MongoDB migrations are the first and primary use case where I see FerretDB bridge the path from document to relational world and I look forward to a time when FerretDB can be a drop-in replacement for a MongoDB Replica Set. Then, you don't even need to tolerate downtime by moving the data from Mongo to FerretDB in real time. But stepping back a bit, an opportunity to have a low lift migration to FerretDB from Mongo and also have the multiregion, consistency, correctness and resiliency story of CockroachDB has a significant edge compared to Mongo alone.

Imagine you can leave your Mongo application as is and still benefit from availability zone and regional outage protection. Your uptime SLA story is much stronger and your application is no longer susceptible to planned and unplanned downtime. Then add to that ability to query the data with SQL and not just the Mongo API, the multiregion semantics, consistency guarantees. It's like having cake and eating it too!

Do you envision any specific CockroachDB-PostgreSQL differences that might pose compatibility challenges with FerretDB?

CockroachDB operates in SERIALIZABLE ISOLATION level and I imagine users coming from the Mongo world will see a larger than usual number of retry errors in CockroachDB. These errors do not surface as much in databases with weaker isolation; including PostgreSQL where default isolation is READ COMMITTED. CockroachDB does not have support for triggers, stored procedures, and no support for transactional schema changes. These gaps are the biggest hurdles for users coming from the PostgreSQL world, but fret not, our team is investing heavily in addressing these pain points.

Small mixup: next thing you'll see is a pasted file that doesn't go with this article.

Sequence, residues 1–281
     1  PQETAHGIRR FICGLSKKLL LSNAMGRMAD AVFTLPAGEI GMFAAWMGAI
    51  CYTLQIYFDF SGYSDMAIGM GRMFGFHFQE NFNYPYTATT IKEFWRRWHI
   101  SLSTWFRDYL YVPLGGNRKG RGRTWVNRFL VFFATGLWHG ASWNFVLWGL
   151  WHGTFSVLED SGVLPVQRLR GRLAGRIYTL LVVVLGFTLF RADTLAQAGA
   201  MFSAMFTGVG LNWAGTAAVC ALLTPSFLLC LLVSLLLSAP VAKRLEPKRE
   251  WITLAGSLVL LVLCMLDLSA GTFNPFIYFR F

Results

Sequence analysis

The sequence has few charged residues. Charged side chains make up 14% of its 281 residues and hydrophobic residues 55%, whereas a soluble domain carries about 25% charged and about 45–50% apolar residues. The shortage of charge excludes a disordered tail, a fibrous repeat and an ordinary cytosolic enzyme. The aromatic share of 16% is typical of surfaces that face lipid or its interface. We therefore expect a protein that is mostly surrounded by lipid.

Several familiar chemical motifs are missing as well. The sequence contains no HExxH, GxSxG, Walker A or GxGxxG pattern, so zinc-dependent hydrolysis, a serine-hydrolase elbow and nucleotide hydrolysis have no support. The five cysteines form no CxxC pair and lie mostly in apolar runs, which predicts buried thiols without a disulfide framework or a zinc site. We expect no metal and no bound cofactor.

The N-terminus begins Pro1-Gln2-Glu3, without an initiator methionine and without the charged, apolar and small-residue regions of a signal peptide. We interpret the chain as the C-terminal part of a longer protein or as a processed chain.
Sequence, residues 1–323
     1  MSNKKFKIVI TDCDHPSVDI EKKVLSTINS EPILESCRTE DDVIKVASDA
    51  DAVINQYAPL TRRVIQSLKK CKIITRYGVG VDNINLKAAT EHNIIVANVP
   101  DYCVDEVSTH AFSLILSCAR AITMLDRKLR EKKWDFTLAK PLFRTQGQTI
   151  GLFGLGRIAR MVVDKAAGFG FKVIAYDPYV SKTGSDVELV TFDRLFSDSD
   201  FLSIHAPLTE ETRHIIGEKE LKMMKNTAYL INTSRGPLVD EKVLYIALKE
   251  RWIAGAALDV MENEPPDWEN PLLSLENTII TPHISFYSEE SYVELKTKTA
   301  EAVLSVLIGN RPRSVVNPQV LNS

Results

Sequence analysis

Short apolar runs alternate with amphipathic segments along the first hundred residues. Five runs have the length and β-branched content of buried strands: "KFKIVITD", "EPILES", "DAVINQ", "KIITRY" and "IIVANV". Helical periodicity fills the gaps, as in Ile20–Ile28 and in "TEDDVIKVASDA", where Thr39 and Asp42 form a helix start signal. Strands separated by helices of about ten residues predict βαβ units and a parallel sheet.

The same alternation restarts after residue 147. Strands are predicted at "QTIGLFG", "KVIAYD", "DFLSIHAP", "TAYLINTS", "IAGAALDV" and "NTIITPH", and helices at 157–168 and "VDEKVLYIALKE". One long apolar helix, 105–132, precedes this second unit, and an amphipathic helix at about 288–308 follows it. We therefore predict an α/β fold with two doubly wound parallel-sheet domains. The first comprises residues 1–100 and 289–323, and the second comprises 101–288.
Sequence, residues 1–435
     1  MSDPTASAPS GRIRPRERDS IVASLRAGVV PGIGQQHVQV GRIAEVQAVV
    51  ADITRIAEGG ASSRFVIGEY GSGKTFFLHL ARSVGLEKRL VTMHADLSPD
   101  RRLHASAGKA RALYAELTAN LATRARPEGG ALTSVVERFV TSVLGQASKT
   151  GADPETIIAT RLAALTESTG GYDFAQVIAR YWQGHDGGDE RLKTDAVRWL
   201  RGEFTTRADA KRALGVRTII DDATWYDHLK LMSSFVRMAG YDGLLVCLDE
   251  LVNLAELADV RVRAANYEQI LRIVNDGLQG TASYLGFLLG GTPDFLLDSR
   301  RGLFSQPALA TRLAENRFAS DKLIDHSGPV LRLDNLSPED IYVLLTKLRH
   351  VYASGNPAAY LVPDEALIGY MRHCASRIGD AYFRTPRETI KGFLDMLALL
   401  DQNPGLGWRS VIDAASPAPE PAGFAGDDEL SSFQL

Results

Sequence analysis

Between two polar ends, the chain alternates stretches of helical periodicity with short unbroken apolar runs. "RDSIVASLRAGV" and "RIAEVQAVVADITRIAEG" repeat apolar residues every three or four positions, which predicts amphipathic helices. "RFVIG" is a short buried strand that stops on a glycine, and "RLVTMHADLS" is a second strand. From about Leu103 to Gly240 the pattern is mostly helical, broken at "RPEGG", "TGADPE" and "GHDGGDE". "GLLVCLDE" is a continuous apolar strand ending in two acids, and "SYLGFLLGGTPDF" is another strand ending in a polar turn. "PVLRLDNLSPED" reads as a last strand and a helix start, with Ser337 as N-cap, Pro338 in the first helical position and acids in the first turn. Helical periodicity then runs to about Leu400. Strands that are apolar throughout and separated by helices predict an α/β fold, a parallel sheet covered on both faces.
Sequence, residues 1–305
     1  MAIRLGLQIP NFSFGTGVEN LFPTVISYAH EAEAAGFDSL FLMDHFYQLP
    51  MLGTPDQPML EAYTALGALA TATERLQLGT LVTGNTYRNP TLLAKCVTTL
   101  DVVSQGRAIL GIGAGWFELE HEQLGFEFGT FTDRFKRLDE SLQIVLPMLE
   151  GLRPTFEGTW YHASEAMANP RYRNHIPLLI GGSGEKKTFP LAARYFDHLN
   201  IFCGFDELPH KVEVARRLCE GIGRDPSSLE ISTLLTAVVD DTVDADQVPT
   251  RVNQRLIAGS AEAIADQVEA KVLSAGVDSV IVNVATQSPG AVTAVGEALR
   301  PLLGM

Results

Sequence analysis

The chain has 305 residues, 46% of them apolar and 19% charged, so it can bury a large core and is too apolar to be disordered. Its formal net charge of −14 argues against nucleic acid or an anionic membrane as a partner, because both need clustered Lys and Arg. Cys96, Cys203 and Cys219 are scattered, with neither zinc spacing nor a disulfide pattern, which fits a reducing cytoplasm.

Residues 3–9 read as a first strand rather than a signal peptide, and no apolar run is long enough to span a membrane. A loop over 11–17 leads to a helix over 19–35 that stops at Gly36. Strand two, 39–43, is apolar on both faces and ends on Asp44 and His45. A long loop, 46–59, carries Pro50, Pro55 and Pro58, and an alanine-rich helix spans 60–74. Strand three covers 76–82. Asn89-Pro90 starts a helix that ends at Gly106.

What are your expectations from FerretDB in the future?

I would like the FerretDB community to thrive and continue shipping features to close the gaps with Mongo compatibility. Eventually, I'd like to see deeper integration with CockroachDB to expose our native multiregion, spatial, and high availability capabilities. Both projects have unique capabilities that complement each other and unlocking this potential will be something I'd like to see come to fruition.

How do you see the database community's future in general?

The database market is severely fragmented and looking within the PostgreSQL ecosystem, there are many one-off solutions that address partial pain points. Having the best-of-breed products to address the operational and analytical needs with a common API in a cloud-agnostic way is where I want the future to go. Usually, when I talk to customers, they say they are evaluating a handful of technologies, and on the surface, they all offer similar capabilities but going through the necessary cycles to validate is costly and painful. Too much choice is not always a good thing.

FerretDB has the ability to convert any Postgres-compatible database into a MongoDB-compatible document database. At FerretDB, we fully understand the immense potential of collaborating with cloud-native, distributed database solutions like CockroachDB.

By combining CockroachDB and FerretDB, we can develop a seamlessly usable, high-speed, scalable, and resilient database solution that not only supports MongoDB workloads but also integrates with tools and frameworks from the MongoDB ecosystem. Behind every software, there is always a community of users, so we wish to hear more voices from you!

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About The Speakers

About CockroachDB

CockroachDB is a distributed SQL database built on a transactional and strongly-consistent key-value store. It scales horizontally; survives disk, machine, rack, and even data center failures with minimal latency disruption and no manual intervention; supports strongly-consistent ACID transactions; and provides a familiar SQL API for structuring, manipulating, and querying data.

About FerretDB

FerretDB is a truly open-source alternative to MongoDB built on Postgres. FerretDB allows you to use MongoDB drivers seamlessly with PostgreSQL as the database backend. Use all tools, drivers, UIs, and the same query language and stay open-source.

Our mission is to enable the open-source community and developers to reap the benefits of an easy-to-use document database while avoiding vendor lock-in and faux pen licenses. We are not affiliated, associated, authorized, endorsed by, or in any way officially connected with MongoDB Inc., or any of its subsidiaries or its affiliates.